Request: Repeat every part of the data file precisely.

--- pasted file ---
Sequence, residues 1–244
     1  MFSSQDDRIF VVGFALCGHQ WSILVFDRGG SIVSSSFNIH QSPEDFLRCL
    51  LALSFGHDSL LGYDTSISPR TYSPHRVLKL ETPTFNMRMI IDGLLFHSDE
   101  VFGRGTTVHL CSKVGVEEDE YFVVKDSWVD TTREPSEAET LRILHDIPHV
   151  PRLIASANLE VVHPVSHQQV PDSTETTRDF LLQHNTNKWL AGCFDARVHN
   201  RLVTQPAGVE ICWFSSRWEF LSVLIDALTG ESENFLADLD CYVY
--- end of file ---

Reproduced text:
Sequence, residues 1–244
     1  MFSSQDDRIF VVGFALCGHQ WSILVFDRGG SIVSSSFNIH QSPEDFLRCL
    51  LALSFGHDSL LGYDTSISPR TYSPHRVLKL ETPTFNMRMI IDGLLFHSDE
   101  VFGRGTTVHL CSKVGVEEDE YFVVKDSWVD TTREPSEAET LRILHDIPHV
   151  PRLIASANLE VVHPVSHQQV PDSTETTRDF LLQHNTNKWL AGCFDARVHN
   201  RLVTQPAGVE ICWFSSRWEF LSVLIDALTG ESENFLADLD CYVY